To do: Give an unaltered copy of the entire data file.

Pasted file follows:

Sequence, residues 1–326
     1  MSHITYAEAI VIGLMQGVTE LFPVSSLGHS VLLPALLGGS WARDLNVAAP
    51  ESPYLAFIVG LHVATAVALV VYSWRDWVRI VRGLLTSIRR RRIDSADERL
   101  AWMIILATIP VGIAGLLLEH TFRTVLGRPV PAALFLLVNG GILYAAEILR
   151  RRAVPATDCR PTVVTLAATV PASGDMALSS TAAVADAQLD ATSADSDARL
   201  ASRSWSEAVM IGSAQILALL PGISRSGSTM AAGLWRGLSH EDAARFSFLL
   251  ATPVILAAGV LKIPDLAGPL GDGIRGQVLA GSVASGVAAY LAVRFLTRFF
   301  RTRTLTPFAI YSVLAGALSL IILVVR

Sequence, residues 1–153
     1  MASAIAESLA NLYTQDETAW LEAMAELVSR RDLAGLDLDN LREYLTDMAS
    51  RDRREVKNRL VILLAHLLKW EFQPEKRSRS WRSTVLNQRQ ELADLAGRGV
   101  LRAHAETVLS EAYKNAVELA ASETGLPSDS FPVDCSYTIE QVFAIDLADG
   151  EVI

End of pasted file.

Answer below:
Sequence, residues 1–326
     1  MSHITYAEAI VIGLMQGVTE LFPVSSLGHS VLLPALLGGS WARDLNVAAP
    51  ESPYLAFIVG LHVATAVALV VYSWRDWVRI VRGLLTSIRR RRIDSADERL
   101  AWMIILATIP VGIAGLLLEH TFRTVLGRPV PAALFLLVNG GILYAAEILR
   151  RRAVPATDCR PTVVTLAATV PASGDMALSS TAAVADAQLD ATSADSDARL
   201  ASRSWSEAVM IGSAQILALL PGISRSGSTM AAGLWRGLSH EDAARFSFLL
   251  ATPVILAAGV LKIPDLAGPL GDGIRGQVLA GSVASGVAAY LAVRFLTRFF
   301  RTRTLTPFAI YSVLAGALSL IILVVR

Sequence, residues 1–153
     1  MASAIAESLA NLYTQDETAW LEAMAELVSR RDLAGLDLDN LREYLTDMAS
    51  RDRREVKNRL VILLAHLLKW EFQPEKRSRS WRSTVLNQRQ ELADLAGRGV
   101  LRAHAETVLS EAYKNAVELA ASETGLPSDS FPVDCSYTIE QVFAIDLADG
   151  EVI